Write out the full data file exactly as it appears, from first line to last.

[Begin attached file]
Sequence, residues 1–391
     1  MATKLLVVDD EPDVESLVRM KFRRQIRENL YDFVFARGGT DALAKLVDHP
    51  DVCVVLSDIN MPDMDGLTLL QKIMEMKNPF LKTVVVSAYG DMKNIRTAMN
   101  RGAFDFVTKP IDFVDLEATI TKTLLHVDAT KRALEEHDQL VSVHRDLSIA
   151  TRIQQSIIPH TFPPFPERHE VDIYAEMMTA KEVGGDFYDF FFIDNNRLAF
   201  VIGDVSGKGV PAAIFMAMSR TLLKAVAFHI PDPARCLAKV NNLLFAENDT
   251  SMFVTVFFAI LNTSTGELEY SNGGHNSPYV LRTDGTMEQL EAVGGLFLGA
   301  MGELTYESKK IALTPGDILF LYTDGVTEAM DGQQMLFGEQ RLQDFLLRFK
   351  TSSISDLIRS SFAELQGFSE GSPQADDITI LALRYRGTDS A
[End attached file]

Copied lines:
Sequence, residues 1–391
     1  MATKLLVVDD EPDVESLVRM KFRRQIRENL YDFVFARGGT DALAKLVDHP
    51  DVCVVLSDIN MPDMDGLTLL QKIMEMKNPF LKTVVVSAYG DMKNIRTAMN
   101  RGAFDFVTKP IDFVDLEATI TKTLLHVDAT KRALEEHDQL VSVHRDLSIA
   151  TRIQQSIIPH TFPPFPERHE VDIYAEMMTA KEVGGDFYDF FFIDNNRLAF
   201  VIGDVSGKGV PAAIFMAMSR TLLKAVAFHI PDPARCLAKV NNLLFAENDT
   251  SMFVTVFFAI LNTSTGELEY SNGGHNSPYV LRTDGTMEQL EAVGGLFLGA
   301  MGELTYESKK IALTPGDILF LYTDGVTEAM DGQQMLFGEQ RLQDFLLRFK
   351  TSSISDLIRS SFAELQGFSE GSPQADDITI LALRYRGTDS A